It’s back-to-school time! For many of you out there, you or your kids have returned to the classroom for another year. Even for those of us who aren’t in the literal back-to-school rush, the start of the fall season usually bring up new energy, bold new plans, and a bit of internal fire to try something new.
If you’re feeling this sort of energy, I want to encourage you to do two things:
- Take on a speaking challenge.
For most of you, the best place to find a speaking challenge will be through your work. It doesn’t matter what job you have or industry you work in, there are opportunities for you to speak. We always, always need to share information with co-workers, and your “talk” could be anywhere from 30 seconds to 30 minutes. It all counts. Ask to deliver the departmental report at an upcoming company meeting. Offer to present some new information or resources at a staff meeting. In a more hands-on, less talky-talky type job? You could ask your foreman if you could add something to your morning on-site safety meeting – maybe a quick note of some problem equipment or a hazardous area on the worksite. Propose a new way of setting up a retail shelf display to your store manager.
Or maybe you have an opportunity to speak in a more social setting. Give a short speech at an upcoming social event (hey, September is a popular time for weddings). Do you volunteer on a committee or in a club? Share information that would be relevant or interesting. If nothing else, you probably have to convince a family member or friend of something, so approach it a bit like a presentation – take the time to plan out what you want to say, practise it, and then “present” it. The people you’re speaking to don’t need to know you are actually using this as a speaking challenge. Guerrilla speech practice is one of my favourite activities.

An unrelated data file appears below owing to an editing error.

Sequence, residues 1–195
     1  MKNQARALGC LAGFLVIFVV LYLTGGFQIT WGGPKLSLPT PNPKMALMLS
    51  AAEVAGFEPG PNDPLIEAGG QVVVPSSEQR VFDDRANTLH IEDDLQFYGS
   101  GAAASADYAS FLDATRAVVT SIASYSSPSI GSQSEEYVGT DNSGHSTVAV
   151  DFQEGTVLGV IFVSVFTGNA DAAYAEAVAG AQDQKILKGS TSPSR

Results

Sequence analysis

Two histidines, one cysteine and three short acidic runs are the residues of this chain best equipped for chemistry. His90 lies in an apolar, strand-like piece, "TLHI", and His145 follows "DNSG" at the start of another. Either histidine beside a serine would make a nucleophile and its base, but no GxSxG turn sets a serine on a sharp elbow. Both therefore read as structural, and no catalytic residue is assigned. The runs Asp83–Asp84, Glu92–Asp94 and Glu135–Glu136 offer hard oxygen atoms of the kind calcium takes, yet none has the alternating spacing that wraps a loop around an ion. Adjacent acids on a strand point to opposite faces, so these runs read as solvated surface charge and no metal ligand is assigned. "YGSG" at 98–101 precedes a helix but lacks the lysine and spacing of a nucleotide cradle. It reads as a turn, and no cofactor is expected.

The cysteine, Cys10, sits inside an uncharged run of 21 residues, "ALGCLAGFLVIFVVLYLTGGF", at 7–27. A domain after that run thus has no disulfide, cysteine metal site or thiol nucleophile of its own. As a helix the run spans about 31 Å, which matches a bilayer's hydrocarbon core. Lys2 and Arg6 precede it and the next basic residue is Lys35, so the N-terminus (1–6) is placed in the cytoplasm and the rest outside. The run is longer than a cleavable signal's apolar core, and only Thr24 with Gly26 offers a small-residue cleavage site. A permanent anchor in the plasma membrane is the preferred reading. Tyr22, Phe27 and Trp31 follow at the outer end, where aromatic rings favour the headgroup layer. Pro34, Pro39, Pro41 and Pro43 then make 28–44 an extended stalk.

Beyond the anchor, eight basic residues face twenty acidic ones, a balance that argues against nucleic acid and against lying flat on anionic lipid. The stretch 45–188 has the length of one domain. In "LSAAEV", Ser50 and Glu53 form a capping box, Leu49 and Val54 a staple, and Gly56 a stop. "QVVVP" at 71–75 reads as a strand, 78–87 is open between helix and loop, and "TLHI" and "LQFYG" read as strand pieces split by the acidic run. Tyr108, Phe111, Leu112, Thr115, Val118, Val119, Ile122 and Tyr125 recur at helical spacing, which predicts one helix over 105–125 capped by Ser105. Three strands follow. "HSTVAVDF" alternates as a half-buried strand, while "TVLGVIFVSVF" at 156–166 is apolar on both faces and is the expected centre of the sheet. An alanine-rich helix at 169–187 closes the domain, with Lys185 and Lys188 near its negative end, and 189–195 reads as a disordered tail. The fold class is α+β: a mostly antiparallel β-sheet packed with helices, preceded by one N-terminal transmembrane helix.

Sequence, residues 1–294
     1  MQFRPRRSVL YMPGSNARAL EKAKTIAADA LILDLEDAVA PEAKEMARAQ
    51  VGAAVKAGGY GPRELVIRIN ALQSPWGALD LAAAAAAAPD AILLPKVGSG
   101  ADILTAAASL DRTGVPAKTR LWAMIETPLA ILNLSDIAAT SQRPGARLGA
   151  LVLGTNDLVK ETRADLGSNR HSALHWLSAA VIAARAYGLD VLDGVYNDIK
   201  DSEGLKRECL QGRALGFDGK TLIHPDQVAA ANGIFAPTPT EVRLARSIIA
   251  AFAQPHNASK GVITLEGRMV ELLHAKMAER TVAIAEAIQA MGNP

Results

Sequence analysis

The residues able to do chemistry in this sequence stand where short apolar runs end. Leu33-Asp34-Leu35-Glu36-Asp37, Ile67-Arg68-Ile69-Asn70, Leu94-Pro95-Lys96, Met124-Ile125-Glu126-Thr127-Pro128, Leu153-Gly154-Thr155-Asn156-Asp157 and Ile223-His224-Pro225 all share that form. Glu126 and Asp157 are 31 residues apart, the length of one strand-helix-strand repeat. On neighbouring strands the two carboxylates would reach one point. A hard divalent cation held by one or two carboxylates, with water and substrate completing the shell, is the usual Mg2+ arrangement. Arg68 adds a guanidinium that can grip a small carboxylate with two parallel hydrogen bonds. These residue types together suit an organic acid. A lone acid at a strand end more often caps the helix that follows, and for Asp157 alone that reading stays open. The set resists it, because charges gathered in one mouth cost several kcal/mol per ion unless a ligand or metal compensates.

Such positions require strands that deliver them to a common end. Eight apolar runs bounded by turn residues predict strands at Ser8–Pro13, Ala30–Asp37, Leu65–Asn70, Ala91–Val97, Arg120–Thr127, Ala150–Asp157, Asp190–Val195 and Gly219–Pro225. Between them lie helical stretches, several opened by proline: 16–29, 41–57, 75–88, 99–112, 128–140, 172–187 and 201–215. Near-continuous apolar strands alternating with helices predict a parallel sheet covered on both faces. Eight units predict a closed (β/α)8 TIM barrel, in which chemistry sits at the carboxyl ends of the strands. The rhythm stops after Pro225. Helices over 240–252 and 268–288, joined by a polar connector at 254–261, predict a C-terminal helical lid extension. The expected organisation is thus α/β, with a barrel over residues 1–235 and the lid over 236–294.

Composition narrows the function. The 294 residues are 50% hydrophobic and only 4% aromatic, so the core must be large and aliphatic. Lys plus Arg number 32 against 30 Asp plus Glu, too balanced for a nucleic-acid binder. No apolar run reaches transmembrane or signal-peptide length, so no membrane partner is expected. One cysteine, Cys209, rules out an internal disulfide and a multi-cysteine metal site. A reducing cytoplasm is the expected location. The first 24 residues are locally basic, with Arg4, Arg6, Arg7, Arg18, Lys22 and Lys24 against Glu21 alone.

2. Experiment with your speaking, and don’t be afraid of not getting it right.
Often, fear of failure is what holds us back from trying something new. This is especially true with speaking, where many of us get tongue-tied at the thought of saying or doing something wrong.
But here’s the thing: really good speakers experiment a lot. We try out new expressions, tones, gestures, stories, and ideas. And as it is with any experiment, not everything works. I’ve had jokes fall totally flat, given analogies that ended up being confusing and awkward, and have advanced ideas that weren’t quite the right fit for the audience. Heck, I’ve even experimented with ways of giving off different impressions of myself to others (my early “unflappable confidence” experiments just made me seem like an irritating ass. I’ve since modified my approach to projecting confidence, natch).
Experimentation is what lets us figure out what kind of body language or vocal tone or turns of phrase suit us. But you have to be willing to get some things wrong if you’re going to figure out how to do it right. Yes, it can be uncomfortable and even slightly embarrassing, but the more you do it the easier it gets and the better your speaking becomes.
And just as with the first challenge, you can conduct ‘guerrilla experimentation.’ Don’t tell your co-workers that you’re trying to hold yourself differently and use bigger gestures…just do it and see how they react. Don’t tell your partner that you’re trying out the famous “yes, and…” improvisation skill – just do it and see what happens! If something isn’t working, don’t beat yourself up – just try something else out and revel in the fact that you learned something new.
These two challenges go hand in hand. Taking on a new speaking challenge will give you opportunity to experiment with what you say and how you say it. You can do them in tandem, or you can do them separately. If you are a keener and want to take on a new challenge and experiment with your vocal variety at the same time, go for it. If you can only handle doing the speaking challenge and don’t want to experiment with technique because it will make you too nervous, that’s totally fine. Just do that first challenge and leave experimentation for a later date. A big key with both these challenges is not to overthink them – look for small, everyday places where you can try these out.
If you really want to jump into the spirit of these challenges, consider taking a speaking or acting or improvisation class. Any of these will give you loads of opportunity to take on a new speaking challenge and experiment with speaking methods and techniques at the same time.
Take a deep breath, let that crisp fall air and back-to-school vibe give you a rush of energy, and take the plunge. You can do a lot when you seize the learning opportunities in everyday life.
I’m going back to school, too! Yep, even pro speakers need to work on their skill and technique, so I’ve signed up for a stand-up comedy class (eek!). Are you trying out a new class or activity this fall? I want to hear about it – click here to tell me on twitter, or if you are more of a Facebook person, click here to share your activity on my Facebook page.